That morning ride in Keke Marwa

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After several twitches, just when I had gotten a comfort spot on the front seat of the keke Marwa, he leapt suddenly in front of it, threatening to hit its windscreen with his side-handled baton. It was morning hours so the usual scramble for the most available vehicle to various destinations in Lagos was on. Understandingly, people have to leave home in good enough time to meet up with their stipulated official resumption time at the work place.

‘’Park! Park! ’’, he yelled, gesticulating with so much vigor in his arms. The driver slowly pulled over with the shared puzzled look we had all put on. This vehicle is hardly interrupted and even if it is as such in this rare case, why could it possibly be interrupted by no other person than a yellow fever? Mumblings had started to erupt as the tired boots strutted towards us.

‘’Why you carry passenger for front?’’ he barked smugly.

I slowly leaned to catch a glimpse of his face; he was dark, short and slender. His remarks postulated gross desperation. He must be in his late forties and with his coloured frown, one could hardly imagine him smile. I began to wonder, why on earth someone would wake up from the blues and begin to make a big fuse over such a triviality like carrying a person on the passenger seat of a keke Marwa, for instance. It has been seen here and there, how passengers are transported in this way without the authorities raising an eye brow.

‘’Ah Ah oga, no be today we just dey carry passenger for front now, even D.P.O know say we dey carry am!” said the driver, trying to speak in defense of his action.

“Ehen, D.P.O know say una dey carry am abi? You go follow me go meet D.P.O make you come repeat this statement?”

“But…”

“What is the problem oga? After all, other riders have been passing via this route since morning carrying passengers in front” a hulking man in his mid fifties retorted from inside the Keke.

“Look!” Another fuming passenger pointed, beckoning the officer; “that’s another one with a passenger in front-that makes it the sixth! Why won’t you arrest those ones?”

“It is none of your business, just come down! All of you! And enter another vehicle, you cannot teach me how to do my job!” he remarked irritably.

The driver at this point had retrieved his phone from his tricycle’s dashboard, and called the chairman. He also threw a few yells to alert his oncoming colleagues as well. They were seemingly startled by the officer’s recalcitrant disposition except for the fact that they acknowledged the unpredictability of uniformed men. Most of them simply tossed weird glances the warden’s way, derisively accompanied by three criss-crossed claps and shrugged before they zoomed off. A few brave ones dared hurl some abuses only after they had passed the yellow fever man.

ith so much rapidly growing impatience, the man in his mid-fifties had started to raise his voice in a desperate move to find an end to the impasse;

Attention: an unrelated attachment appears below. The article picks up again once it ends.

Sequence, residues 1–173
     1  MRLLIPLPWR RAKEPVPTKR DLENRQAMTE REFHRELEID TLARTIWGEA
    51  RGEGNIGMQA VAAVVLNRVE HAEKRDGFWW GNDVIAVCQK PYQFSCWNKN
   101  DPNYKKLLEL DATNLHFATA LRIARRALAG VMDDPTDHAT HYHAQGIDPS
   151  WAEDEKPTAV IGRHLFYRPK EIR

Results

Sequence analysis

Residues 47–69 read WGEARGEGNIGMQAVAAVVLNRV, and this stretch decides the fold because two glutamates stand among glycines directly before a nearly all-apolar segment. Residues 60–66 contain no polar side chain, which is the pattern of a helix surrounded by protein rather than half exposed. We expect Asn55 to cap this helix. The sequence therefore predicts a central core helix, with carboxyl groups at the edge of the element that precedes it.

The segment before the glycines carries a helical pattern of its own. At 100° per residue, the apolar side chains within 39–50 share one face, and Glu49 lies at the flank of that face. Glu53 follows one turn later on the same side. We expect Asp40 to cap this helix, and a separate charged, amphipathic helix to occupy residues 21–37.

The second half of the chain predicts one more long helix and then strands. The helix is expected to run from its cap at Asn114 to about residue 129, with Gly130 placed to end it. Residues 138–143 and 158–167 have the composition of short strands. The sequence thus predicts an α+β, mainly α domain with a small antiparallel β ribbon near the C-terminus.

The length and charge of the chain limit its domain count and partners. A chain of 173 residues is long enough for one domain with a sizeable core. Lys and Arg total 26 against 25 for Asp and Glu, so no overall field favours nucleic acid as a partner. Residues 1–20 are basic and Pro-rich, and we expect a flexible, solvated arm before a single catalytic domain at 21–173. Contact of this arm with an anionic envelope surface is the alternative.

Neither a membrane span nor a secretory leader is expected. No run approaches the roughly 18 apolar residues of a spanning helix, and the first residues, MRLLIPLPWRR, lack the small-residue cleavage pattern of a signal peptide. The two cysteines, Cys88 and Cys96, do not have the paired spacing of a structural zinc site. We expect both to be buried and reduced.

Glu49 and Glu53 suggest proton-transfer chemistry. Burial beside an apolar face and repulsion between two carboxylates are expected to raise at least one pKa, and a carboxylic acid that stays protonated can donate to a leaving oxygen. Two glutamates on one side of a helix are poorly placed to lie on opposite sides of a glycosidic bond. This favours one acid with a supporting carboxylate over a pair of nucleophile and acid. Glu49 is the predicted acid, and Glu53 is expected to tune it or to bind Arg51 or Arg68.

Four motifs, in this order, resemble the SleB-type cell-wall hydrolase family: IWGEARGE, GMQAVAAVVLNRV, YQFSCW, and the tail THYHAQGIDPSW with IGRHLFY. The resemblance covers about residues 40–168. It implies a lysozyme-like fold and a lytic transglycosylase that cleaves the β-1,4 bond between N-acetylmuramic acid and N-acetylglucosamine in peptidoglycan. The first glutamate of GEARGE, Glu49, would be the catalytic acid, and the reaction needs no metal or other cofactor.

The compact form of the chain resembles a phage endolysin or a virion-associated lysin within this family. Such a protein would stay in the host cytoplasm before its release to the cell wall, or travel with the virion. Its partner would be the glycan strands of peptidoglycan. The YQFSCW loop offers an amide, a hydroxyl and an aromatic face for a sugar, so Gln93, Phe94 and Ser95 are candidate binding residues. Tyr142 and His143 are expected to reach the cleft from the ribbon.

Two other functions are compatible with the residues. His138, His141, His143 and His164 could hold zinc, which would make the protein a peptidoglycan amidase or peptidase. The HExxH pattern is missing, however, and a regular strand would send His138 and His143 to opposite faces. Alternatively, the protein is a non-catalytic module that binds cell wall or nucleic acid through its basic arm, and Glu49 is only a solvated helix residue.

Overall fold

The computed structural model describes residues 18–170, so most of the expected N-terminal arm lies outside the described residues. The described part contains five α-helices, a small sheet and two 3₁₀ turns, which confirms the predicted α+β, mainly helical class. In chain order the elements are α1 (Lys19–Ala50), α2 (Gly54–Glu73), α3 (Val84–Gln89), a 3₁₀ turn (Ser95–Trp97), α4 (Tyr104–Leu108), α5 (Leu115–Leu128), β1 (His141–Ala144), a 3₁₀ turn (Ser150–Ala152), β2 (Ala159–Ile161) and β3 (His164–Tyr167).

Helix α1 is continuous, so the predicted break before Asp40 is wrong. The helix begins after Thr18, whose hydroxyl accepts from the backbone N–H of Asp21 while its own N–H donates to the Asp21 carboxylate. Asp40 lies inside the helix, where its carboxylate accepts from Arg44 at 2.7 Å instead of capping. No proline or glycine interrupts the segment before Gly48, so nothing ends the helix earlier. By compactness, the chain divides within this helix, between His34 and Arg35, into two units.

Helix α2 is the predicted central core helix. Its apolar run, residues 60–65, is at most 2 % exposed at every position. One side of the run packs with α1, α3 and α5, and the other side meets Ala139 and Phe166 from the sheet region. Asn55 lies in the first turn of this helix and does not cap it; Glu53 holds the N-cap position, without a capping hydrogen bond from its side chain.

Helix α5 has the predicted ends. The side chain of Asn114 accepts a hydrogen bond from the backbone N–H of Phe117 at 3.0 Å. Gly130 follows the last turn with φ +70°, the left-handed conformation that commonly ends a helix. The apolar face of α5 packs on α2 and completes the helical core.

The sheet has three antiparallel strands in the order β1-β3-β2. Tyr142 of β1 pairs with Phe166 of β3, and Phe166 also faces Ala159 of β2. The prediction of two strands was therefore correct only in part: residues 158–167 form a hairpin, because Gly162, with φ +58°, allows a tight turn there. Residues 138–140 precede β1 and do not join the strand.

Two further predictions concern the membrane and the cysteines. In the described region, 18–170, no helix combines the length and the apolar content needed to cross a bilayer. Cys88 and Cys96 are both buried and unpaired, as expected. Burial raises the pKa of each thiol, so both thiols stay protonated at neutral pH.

“Why wouldn’t you consider us? You are intentionally delaying us and this is illegal and unacceptable, why don’t you tell the driver what exactly he has done wrong so that both of you can settle this issue amicably and let us be on our way, you are too old to be this unreasonable and adamant!”

At this, the infuriated officer turned in a fierce rage

“You are a stupid man, what is your business? I will deal with you…”

“You cannot do anything and you do not have the right to deal with me, ok? You can do nothing, and I will make sure that I report you. As old as you are nonsense!”

Fuelled with outrage, the man in his mid-fifties promptly lugged himself out of the tricycle, in the direction of the warden’s gum-chewing fellow officer, who had turned to watch the ensuing drama.

“Go! You must be stupid for talking to me like that… I will make sure you do not follow this vehicle. Everybody can go. Driver, start the engine and move, but he must not follow you. Look at him, he’s conversing with her, she’s my colleague and not my superior, we both have equal ranks!” He yelled from a distance.

The driver had lit the engine and parked a little farther, waiting for his rabble-rousing passenger to return. As he approached us, the officer sprang out from his veil spot and roared:

“Wetin I tell you? I talk say you no go carry this man, you wan make I vex collect your key now, abi?”

“Officer, I sabi this man well well, na dem Alausa people o…! He fit copy your number carry am go … the driver whispered to him.

Instantly, almost revealing his new fright, the officer deftly stepped aside and hurled more invectives as we zoomed off.

midst the tumultuous discussion that followed between the other passengers, I tapped the driver’s chuckling shoulder and asked with much curiosity:

“Why him stop you sef?”

“No mind the foolish old man o, him talk say him wan carry me go meet DPO wey all of us dey deliver to everyday-Na thief! Na because I never give am him morning dose.” He replied, obviously excited at the opportunity to finally vent his feelings to someone.

 

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